The case for a water resistant MacBook

Apple on Friday released the iPhone 7, iPhone 7 Plus and Apple Watch Series 2. All three of the devices sport new water resistance and water proofing features that should cut down the number of trips many of us have to take to Apple Stores to get our gear fixed and replaced. Water damage to sensitive electronic devices is an endemic problem, as anyone who’s worked at an Apple Store or service provider can tell you. I think Apple has a real market opportunity to offer a MacBook that can put up with the occasional spill.

Macbook

I would love to see Apple make the same treatment to the MacBook line, because water damage to Macs is a major issue as well. In my almost three years working at a computer retailer, I saw computers that had been damaged by water almost every time I worked. Plumbing problems, spilled drinks, or full immersion in bodies of water were all real things that happened. I even remember one that was saturated in vomit from a night of heavy drinking.

I’ve been able to avoid the problem myself, thought it has happened to family members, and it cost hundreds of dollars to repair. If you’re lucky, all you’ll have to do is pay for a new top case for your MacBook, or maybe a new power board. Any way you slice it, it’s never cheap to fix water damage. What’s more, Apple’s AppleCare coverage, which I swear by when buying Mac laptops, especially, does not cover accidental damage. You’re on your own when that happens.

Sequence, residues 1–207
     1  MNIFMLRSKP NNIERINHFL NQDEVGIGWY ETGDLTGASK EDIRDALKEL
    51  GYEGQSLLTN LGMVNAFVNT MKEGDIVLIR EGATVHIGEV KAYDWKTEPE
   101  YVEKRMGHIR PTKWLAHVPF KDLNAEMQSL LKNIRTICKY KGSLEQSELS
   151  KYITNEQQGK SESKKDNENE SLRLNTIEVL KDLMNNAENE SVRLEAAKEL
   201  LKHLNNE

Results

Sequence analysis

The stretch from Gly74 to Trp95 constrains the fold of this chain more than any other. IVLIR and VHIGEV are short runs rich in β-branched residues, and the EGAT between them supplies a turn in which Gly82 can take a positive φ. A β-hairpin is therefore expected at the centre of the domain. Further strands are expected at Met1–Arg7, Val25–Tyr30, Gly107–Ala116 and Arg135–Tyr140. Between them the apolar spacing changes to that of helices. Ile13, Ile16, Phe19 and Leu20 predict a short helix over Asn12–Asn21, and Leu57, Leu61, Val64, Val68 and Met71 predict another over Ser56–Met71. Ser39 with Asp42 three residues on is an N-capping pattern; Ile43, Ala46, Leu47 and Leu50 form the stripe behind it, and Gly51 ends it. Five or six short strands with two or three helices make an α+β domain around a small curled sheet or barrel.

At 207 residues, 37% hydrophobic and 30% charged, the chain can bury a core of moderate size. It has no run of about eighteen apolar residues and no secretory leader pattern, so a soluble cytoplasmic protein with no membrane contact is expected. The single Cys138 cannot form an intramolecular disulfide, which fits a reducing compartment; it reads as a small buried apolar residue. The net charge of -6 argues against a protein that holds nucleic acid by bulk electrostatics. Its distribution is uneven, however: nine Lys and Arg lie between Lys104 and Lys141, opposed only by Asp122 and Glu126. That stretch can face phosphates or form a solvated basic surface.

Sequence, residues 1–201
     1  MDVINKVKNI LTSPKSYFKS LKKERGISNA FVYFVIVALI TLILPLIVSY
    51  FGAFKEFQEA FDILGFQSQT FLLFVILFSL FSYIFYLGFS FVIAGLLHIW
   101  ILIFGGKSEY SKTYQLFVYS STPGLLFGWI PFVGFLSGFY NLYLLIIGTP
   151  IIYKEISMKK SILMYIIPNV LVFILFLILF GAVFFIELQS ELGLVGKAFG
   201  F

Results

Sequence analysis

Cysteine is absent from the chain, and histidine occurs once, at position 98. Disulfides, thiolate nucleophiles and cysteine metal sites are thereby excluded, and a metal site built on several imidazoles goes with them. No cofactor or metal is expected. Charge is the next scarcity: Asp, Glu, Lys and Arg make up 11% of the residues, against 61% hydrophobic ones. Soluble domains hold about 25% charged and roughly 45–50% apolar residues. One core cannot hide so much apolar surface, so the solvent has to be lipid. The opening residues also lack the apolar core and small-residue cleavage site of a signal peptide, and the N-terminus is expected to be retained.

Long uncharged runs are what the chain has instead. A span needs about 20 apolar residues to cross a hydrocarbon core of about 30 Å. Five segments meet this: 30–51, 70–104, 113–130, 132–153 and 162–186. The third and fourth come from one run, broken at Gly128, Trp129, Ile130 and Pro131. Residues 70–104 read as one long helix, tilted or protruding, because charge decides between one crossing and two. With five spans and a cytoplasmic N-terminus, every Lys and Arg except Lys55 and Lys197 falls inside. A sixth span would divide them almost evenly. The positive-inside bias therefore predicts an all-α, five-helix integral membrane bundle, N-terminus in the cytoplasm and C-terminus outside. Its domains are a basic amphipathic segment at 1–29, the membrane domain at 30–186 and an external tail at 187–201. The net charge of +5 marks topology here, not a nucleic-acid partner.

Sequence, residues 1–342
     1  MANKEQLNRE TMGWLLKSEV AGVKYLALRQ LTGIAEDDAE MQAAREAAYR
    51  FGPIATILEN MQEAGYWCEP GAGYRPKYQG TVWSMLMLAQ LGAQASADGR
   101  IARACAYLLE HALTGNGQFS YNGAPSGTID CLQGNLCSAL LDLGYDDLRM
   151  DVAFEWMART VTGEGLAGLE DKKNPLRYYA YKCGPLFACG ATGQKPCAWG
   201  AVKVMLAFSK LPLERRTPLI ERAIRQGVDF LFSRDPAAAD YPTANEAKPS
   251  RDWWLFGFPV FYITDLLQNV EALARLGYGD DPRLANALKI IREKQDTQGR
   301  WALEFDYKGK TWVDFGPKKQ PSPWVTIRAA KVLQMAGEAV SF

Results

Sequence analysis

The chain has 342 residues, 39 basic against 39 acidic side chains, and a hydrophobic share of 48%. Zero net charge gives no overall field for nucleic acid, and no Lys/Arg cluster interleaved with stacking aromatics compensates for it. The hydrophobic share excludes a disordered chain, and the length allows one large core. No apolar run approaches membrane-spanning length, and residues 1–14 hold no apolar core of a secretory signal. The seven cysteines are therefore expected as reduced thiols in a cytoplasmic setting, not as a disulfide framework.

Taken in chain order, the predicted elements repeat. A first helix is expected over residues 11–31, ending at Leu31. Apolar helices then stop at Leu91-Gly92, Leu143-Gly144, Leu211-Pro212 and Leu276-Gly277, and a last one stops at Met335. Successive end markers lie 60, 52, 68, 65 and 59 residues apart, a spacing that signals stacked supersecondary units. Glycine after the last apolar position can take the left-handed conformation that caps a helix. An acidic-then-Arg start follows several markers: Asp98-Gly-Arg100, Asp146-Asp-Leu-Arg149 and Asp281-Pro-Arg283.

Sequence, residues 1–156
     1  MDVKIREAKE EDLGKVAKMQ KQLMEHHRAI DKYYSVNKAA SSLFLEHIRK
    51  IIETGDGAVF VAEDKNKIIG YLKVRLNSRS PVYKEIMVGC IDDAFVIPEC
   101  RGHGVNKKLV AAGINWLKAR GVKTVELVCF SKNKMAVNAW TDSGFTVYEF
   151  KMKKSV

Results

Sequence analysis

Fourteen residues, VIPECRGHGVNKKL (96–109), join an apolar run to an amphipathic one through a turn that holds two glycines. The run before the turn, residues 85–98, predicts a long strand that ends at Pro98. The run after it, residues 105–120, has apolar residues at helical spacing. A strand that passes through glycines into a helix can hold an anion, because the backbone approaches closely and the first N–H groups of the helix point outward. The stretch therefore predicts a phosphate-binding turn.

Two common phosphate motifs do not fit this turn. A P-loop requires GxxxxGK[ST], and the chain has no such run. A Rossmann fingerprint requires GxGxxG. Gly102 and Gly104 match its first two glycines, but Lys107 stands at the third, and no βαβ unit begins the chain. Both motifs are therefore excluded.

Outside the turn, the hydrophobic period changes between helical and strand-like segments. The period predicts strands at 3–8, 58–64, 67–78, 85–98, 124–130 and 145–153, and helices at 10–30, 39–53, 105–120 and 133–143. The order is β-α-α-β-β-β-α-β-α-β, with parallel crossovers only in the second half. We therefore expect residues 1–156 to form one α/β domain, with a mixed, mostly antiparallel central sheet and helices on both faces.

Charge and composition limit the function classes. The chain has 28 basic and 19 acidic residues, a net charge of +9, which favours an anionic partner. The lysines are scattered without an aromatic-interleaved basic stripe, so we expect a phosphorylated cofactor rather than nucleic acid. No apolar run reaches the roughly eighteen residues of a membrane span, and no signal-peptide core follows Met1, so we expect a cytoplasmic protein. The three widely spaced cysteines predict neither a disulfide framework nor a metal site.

We’re not talking about taking the computer into the bathtub (although, in fairness, I had a retail store customer ask me if that was safe once). We’re talking about spill damage caused by the errant tipped coffee mug or the occasional misadventure with a cool beverage.

Right now water resistant laptops are very much a niche market. Panasonic makes the ToughBook and there are a few others whose makers say they’re water-resistant. They are for the most part ugly and inelegant machines, and all of them are running Windows.

So far it looks like the public is responding really well to the water-resistance of the new iPhone 7. Let’s hope it gives Apple an incentive to produce a Mac laptop that might sport the same sort of resilience to the environment.

Unlock your iPhone in iOS 10 faster with this tip

iOS 10’s lock screen now instructs you to press your iPhone or iPad’s Home button to unlock it. Worried about wearing out your Home button, or just don’t want to press it? If your device uses Touch ID (if it’s an iPhone 5S or later, or one of the many iPad models that sports Touch ID), you can set up your device to unlock by just resting your finger on the Home button instead. Here’s how.

How to unlock your iPhone without pushing the Home button

  1. From your iPhone’s home screen, tap Settings.
  2. Tap General.
  3. Tap Accessibility.Speed Up Your Home Button 1
  4. Tap Home Button.
  5. Tap the switch next to Rest Finger to Open to activate. (While you’re here, you can also modify the click speed needed to double or triple-click the Home button, if you’d like.)Fast home 2
  6. Tap the Home button to exit.

Now when your iPhone is locked, resting your thumb is all you have to do to unlock it. Enjoy!